Jerrolds estimates that about 20 percent of the women who stay at Moriah have directly come from homeless situations. Many of these women arrived after being referred by various shelters such as the YWCA. However, if the Moriah program didn't exist, Jerrolds estimates that about 50 percent of its clients would be homeless. That's because these clients include pregnant women who were kicked out of their homes and abused women who have fled violent relationships.

Cindy left her mother's home in early 2003 and lived in her car for about six weeks. During that time she turned to prostitution to support her crack habit. "I was high the whole time," Cindy says. "Sometimes I couldn't even make enough sense of things to talk." After spending time at Moriah and other counseling programs, Cindy has gotten a 20-hour-a-week data entry job. Religion also has come back into her life.

However, Cindy still gets a knot in her stomach when she drives through areas where she used to buy crack for $20. "I know if I ever went back, it'd be the death of me," she says. But Cindy doesn't plan to go back to that life. Because if she did, she would never go back to school, buy a car or watch her children grow up.

"When I leave here I know I'm going to have enough strength to be on my own," Cindy says.

About 70 percent of the women who have been through at least part of the program stay drug free and out of abusive relationships, says Jerrolds. The figures are based on conversations with former clients who have stayed in touch with Moriah counselors. But some ex-clients are never heard from again.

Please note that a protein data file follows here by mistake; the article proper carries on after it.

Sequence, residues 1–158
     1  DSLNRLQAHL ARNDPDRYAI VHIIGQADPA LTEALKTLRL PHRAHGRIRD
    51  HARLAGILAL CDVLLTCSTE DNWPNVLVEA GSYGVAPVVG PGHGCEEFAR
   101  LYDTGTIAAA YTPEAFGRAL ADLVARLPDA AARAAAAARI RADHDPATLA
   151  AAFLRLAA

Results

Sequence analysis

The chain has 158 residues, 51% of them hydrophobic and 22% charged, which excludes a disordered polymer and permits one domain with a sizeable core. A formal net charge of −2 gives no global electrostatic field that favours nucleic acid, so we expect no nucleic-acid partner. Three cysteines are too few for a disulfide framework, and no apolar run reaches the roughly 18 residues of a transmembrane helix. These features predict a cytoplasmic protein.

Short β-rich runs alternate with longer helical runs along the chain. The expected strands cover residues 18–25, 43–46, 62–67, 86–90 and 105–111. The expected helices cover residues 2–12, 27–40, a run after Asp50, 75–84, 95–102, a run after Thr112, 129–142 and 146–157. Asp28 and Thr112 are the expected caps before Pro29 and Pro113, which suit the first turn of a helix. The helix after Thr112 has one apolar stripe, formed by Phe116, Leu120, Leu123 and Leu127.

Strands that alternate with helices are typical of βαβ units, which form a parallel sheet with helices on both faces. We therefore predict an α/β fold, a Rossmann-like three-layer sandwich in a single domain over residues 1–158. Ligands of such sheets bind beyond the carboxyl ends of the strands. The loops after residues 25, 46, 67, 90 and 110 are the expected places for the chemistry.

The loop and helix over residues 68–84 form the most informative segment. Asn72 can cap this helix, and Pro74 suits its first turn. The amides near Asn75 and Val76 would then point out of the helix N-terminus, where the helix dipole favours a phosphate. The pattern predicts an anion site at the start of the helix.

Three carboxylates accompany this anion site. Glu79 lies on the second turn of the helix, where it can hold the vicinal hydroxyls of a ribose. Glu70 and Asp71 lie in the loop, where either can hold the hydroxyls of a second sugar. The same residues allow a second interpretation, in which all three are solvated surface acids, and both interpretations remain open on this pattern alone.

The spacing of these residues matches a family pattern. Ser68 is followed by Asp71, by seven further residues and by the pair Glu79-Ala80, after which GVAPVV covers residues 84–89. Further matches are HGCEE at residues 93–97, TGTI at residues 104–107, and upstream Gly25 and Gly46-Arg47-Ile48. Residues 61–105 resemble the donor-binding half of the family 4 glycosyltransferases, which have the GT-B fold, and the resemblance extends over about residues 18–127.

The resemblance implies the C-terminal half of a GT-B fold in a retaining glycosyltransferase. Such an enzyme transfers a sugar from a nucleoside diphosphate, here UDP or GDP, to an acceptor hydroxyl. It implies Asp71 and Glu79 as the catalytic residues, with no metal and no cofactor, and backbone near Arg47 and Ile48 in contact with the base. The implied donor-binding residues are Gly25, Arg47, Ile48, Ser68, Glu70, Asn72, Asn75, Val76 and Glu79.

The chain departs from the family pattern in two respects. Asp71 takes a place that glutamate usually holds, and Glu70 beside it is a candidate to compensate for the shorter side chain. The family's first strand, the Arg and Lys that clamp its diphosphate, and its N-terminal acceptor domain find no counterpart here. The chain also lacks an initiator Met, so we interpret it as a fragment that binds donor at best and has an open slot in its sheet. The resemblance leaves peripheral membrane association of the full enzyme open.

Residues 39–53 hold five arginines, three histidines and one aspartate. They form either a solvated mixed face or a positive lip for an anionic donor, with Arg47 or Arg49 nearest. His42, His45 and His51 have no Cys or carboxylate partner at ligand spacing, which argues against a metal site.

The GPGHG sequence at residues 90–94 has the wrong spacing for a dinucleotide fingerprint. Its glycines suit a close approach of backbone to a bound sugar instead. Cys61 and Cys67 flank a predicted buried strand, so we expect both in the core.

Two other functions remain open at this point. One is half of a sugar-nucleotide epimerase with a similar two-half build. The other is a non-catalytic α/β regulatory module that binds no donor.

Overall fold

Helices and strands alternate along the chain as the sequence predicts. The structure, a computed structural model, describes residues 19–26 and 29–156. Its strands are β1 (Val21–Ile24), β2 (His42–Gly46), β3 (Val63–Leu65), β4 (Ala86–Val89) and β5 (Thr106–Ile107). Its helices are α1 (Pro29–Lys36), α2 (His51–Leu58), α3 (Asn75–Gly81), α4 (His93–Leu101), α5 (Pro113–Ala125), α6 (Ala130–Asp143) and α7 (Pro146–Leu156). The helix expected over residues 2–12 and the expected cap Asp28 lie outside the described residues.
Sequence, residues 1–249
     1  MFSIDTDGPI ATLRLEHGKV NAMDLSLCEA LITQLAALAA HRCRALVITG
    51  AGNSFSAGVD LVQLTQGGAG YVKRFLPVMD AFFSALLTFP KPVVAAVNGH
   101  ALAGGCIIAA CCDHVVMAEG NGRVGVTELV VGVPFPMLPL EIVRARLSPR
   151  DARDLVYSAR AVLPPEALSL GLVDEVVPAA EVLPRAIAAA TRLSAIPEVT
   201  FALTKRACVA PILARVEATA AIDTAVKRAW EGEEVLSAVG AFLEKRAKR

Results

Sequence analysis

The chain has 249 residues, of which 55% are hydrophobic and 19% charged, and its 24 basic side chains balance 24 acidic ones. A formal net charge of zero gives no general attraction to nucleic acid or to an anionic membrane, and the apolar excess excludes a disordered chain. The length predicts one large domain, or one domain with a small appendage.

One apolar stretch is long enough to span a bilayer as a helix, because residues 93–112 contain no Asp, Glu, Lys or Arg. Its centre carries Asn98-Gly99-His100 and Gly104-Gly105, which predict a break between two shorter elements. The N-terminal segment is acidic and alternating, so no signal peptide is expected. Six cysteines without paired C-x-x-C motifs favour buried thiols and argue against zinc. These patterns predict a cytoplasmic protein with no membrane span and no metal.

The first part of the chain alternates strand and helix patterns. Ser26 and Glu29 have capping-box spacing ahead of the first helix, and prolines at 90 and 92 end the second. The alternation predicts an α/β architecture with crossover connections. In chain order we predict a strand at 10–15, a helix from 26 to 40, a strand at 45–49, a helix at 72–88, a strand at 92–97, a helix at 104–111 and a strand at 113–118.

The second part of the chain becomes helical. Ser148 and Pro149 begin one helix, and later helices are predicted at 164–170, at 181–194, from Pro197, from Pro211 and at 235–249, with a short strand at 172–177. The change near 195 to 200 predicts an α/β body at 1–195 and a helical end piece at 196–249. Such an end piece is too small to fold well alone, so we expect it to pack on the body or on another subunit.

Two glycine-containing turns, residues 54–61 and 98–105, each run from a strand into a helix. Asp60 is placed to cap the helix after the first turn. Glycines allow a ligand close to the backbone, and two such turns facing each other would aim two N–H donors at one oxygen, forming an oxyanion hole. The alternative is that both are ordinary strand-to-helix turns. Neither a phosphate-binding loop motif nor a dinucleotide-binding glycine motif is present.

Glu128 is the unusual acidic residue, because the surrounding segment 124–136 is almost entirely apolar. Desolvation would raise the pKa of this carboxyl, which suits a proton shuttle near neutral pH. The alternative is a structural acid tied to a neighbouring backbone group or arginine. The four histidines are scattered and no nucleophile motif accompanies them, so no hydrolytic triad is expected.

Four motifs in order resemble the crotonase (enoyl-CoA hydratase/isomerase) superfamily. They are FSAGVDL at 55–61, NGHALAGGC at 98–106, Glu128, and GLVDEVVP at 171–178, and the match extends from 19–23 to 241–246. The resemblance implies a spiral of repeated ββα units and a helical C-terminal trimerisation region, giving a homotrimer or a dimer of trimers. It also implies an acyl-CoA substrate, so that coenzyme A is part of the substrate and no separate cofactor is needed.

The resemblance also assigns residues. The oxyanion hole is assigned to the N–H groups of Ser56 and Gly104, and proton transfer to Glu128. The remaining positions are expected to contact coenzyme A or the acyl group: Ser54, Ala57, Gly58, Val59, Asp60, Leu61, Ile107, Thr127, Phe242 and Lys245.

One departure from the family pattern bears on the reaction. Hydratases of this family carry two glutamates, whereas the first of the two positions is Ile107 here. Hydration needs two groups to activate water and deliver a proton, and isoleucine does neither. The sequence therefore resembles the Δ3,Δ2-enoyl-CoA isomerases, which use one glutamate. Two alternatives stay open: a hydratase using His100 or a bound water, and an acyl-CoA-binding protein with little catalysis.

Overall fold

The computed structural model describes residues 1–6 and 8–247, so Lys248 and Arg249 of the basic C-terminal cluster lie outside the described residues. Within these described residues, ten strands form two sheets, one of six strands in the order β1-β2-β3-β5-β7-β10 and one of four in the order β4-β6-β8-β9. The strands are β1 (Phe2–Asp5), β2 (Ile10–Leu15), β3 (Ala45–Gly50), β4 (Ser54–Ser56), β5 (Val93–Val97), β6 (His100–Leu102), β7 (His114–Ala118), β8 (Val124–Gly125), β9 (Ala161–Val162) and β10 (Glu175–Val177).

Putting a life back together

After more than 15 months in Memphis Union Mission's recovery program, Orr, 46, now serves as a resident assistant in a transition house. Some of the men at the house talk to him after work at night about their problems. Orr tells them how his faith in God has helped him, in the hope that it will do the same for them.

Orr's full-time job at a local construction company is going well and may soon become permanent. He arrives at work a half-hour to an hour early each morning to attend a Bible study with other employees.

A large picture of Orr's daughter hangs above the desk in his bedroom. It's a reminder of where he's been—and where he hopes to be. His ex-wife won't let Orr speak to his son or his daughter. Maybe she will soon; maybe not. Either way, Orr's faith assures him that it will happen one day.

"That hurts," Orr says. "But I don't worry about it because I know God is going to help me rekindle my relationship with my children because he knows it's important to me. It's what I want."

Orr, like many others, is putting his life back together one piece at a time. In a process where improvement is measured in small increments, U of M alumni are assisting the homeless every step of the way.